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China Cash Rates Ease Further as Central Bank Stays Out of Market

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Chinese money market rates extended their moderation into a fifth day on Thursday after the central bank did not drain any cash from the market, and stocks recovered some of their big losses from earlier in the week as investor sentiment steadied.

Money market rates remain elevated and liquidity is tighter than normal, but the panic of a possible credit crunch that gripped the market last week has subsided, traders say.

(Read More: China Is Right to Tame Credit Growth: Moody's)

The People's Bank of China's (PBOC) wants to curtail the diversion of funds to a vast non-bank lending market as it seeks to shore up growth in the world's second-largest economy.

Its decision not to inject or withdraw funds at its regular open market operations on Thursday signaled that while it was not looking to tighten conditions further for now, it was also holding the line on a campaign to rein in informal lending.

"The market is no longer panicked, even though the PBOC refrained from injecting money via reverse repos in today's open market operations, as the central bank has pledged to support those banks which operate in line with official lines," said an Asian bank trader in Shanghai.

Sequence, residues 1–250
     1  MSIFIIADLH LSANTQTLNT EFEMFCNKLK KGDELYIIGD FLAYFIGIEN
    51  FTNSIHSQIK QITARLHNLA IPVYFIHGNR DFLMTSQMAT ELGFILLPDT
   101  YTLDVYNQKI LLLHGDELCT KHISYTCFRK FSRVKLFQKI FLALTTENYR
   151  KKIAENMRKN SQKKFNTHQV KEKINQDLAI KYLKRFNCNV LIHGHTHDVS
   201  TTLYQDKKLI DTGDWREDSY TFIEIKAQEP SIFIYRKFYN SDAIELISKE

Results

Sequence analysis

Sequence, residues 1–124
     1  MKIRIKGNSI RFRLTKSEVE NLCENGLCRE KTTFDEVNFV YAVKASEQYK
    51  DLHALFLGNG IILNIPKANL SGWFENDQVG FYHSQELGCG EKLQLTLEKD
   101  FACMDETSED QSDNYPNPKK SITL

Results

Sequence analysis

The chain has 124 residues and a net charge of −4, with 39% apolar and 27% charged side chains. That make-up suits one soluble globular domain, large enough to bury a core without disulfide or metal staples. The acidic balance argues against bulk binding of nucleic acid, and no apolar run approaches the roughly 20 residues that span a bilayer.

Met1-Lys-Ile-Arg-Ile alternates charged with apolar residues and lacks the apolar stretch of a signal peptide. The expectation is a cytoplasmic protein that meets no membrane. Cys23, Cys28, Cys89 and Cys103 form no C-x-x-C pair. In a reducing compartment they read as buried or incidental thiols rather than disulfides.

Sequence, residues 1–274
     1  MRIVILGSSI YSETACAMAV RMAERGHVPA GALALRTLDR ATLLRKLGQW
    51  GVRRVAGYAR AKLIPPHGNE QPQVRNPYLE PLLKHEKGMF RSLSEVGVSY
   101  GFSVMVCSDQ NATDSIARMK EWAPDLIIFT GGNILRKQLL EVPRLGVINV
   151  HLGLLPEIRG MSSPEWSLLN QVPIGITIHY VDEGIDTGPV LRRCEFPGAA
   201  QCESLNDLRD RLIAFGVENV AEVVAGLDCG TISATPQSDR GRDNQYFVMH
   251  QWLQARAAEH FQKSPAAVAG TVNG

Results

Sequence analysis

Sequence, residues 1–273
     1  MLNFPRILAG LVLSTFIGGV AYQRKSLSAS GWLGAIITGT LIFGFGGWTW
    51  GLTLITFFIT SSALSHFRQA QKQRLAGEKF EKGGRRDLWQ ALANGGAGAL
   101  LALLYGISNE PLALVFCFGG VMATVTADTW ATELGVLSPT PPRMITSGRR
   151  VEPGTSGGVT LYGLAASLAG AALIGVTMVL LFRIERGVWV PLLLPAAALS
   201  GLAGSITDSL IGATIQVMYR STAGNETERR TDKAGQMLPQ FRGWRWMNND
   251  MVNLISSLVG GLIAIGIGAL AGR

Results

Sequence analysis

(Read More: Is Meltdown in China Stocks About to Get Worse?)

On Tuesday the central bank sought to calm market fears of a crunch by pledging to provide emergency liquidity to any bank short of cash, and revealed that it had already done so for some institutions.

"But the market expects the PBOC to stick to a relatively tight liquidity stance in the medium term, so it will be very difficult for the benchmark seven-day repo rate to return to its average levels between 3 and 4 percent seen until June," the trader said.

The benchmark seven-day repo rate dropped 35 basis points to 6.93 percent on a weighted-average basis in early trade. The overnight rate was flat at 5.55 percent.

(Read More: Goldman Sees Not Rebound for Chinese Stocks)

The weighted-average seven-day rate peaked at a record 11.62 percent last Thursday, though some trades were seen at 25 percent and higher, as the PBOC allowed conditions to tighten.

The improvement in bank funding conditions also boosted the stock market. The CSI300 index of the largest Shanghai and Shenzhen counters rose 0.8 percent in early trade, after ending steady on Wednesday. However, it is still down almost 9 percent since last Wednesday.